Weirdo. Cathi Unsworth. The seedy underbelly of an English coastal resort during the punk era. Not for everyone this novel with madness, prostitution, music, murder and biker gangs but very memorable proving that not all crime and deprivation happens in big cities. Fast paced, lurid, and action packed.
Amazonia James Rollins. An adventure thriller set in the hot steamy heart of the Amazon jungle. A one armed government agent goes missing in remote location only to emerge years later with two working arms before dying. A second expedition sets off to solve this mystery and the stage is set. An enjoyable romp into the deep unknown.
Altar of Eden. James Rollins. Same author -equally good tale set around the Mississippi Delta and New Orleans. Abandoned fishing trawler washes up on coastline carrying a cargo of exotic animals. Vet gets called to examine them and finds them strangely altered in certain ways. Combines vivid landscape locations and good story detail with elements of cutting edge science, animal and human genetics research, ethical and moral future dilemmas, 3D fractal imaging etc. into one very interesting novel.
Witch World series. Andre Norton. Taken as the first six books in this series it's on a par with Game of Thrones or The Lord of the Rings for fantasy adventure. A 1960s classic and well worth reading in sequence. Still great reading today and highly influential on later works in this genre.
Chris Beckett. Mother of Eden. Although set in a future world this novel also looks back at our own origins mythology and examines the process and evolution but in an exciting way by creating a vivid story all its own. The second in the Eden series.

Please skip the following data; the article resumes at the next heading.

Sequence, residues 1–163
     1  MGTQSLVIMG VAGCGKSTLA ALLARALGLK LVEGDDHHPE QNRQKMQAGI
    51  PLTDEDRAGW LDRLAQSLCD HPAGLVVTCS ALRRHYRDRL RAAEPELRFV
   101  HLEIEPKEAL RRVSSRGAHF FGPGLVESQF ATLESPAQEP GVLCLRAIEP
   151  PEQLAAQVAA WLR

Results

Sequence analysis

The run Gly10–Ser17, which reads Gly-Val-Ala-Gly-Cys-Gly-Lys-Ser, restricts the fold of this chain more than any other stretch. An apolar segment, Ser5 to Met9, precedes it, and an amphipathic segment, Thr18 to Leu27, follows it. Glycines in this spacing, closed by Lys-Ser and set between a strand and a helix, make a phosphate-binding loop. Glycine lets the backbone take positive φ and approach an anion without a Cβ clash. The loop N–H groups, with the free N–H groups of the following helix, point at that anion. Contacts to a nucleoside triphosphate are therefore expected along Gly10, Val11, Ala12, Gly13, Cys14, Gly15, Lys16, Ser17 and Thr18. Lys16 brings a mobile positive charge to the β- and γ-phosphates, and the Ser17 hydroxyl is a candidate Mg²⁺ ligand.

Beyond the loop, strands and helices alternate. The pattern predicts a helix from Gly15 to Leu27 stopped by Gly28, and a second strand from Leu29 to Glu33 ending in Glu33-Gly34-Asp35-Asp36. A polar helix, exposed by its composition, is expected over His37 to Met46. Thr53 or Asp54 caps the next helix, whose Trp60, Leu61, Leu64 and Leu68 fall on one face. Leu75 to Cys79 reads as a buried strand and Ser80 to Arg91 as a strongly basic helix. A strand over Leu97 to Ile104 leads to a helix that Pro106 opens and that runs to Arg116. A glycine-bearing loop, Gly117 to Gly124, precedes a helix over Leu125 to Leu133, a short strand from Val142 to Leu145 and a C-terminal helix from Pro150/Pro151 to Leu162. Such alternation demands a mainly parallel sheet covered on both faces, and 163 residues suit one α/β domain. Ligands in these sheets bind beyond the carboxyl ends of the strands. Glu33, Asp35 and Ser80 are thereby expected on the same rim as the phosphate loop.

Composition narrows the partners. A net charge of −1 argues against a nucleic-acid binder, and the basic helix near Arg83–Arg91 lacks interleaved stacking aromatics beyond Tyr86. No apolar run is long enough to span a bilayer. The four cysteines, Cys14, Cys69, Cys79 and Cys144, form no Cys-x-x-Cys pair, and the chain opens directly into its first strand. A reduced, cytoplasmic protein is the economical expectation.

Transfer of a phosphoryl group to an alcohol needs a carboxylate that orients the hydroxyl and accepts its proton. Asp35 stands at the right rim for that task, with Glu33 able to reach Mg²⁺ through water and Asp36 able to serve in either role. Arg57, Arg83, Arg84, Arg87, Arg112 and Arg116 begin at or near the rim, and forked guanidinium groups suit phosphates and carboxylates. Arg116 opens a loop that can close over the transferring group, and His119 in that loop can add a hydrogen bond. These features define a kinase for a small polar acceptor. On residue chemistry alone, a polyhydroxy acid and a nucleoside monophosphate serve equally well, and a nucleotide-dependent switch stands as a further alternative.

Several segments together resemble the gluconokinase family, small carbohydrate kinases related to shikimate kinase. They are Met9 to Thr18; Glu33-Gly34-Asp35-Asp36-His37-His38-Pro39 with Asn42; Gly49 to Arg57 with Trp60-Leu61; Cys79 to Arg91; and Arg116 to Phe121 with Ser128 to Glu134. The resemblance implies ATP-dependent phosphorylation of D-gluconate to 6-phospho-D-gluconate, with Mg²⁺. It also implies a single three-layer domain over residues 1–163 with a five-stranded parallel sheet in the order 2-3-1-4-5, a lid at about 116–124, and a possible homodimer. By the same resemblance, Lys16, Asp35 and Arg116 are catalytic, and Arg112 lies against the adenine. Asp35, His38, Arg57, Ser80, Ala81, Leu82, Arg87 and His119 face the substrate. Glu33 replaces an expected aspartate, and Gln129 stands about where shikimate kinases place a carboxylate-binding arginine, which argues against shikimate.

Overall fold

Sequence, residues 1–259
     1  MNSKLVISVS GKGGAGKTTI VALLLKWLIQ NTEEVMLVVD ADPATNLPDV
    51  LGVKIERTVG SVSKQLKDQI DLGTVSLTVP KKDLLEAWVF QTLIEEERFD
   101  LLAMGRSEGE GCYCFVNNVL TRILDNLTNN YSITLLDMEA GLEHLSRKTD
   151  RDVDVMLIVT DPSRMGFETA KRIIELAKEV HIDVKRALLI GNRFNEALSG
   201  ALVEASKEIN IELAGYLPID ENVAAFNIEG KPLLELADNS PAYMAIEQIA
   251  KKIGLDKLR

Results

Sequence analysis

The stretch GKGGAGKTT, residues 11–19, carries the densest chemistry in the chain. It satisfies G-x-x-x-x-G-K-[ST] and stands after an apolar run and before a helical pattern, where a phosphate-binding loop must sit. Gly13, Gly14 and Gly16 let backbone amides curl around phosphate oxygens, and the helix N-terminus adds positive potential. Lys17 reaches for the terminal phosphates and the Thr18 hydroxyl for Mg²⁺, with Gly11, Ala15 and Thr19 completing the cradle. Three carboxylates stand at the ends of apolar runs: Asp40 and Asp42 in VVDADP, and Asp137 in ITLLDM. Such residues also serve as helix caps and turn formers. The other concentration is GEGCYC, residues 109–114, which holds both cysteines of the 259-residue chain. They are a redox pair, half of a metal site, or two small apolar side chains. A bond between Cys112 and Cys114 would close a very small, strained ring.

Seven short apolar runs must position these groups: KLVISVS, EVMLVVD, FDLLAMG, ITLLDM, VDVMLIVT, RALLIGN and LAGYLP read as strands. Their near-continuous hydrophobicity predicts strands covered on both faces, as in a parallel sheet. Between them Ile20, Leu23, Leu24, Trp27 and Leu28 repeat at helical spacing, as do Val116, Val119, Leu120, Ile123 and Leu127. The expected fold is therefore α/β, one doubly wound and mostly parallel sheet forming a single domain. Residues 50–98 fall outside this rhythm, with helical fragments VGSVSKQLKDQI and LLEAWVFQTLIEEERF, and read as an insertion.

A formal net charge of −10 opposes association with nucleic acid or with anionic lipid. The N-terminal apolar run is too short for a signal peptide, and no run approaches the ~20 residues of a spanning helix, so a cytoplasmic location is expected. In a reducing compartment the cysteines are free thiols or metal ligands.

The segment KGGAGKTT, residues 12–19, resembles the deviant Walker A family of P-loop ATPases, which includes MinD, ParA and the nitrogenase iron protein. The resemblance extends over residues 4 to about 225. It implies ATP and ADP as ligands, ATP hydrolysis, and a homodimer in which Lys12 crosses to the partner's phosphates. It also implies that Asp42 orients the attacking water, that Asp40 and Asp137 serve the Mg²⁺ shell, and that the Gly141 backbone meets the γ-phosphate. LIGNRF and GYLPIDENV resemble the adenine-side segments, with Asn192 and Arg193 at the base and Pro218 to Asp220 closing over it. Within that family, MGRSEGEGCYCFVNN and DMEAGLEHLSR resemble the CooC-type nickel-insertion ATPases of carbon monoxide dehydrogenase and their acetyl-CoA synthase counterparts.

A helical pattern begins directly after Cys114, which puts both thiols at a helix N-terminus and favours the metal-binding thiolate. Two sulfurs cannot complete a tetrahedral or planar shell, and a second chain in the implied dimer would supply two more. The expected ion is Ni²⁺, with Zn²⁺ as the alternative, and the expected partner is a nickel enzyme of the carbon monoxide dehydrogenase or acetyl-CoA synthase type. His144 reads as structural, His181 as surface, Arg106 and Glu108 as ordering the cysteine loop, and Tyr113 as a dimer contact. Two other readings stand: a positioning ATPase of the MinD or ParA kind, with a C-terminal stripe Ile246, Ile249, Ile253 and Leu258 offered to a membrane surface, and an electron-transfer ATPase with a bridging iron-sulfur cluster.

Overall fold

A Tap on the Window. Linwood Barclay. A detective thriller murder mystery which takes place around USA's Great Lakes district and the Canadian border towns. Compelling story, well written and interesting throughout. Author of a string of bestselling books so no surprise its a gem of a novel... although the 'bestseller' tag is not always a guarantee of a great book, just a popular one.
A science fiction classic... a cracking read today... and like the best imaginary world tales... reflections in a mirror only one small step away from our current reality.
In the Heart of the Sea. Nathaniel Philbrick. The true story of the whaling ship 'The Essex' lost at sea 1000 miles from the nearest landmass after being rammed by a giant whale, presumably enraged by the slaughter of its family group. The survivors cling to tiny rowing boats used to chase whales but, unlike the others, this one is not running away any time soon. The real life incident that later inspired Moby Dick.
23 outstanding books to enjoy.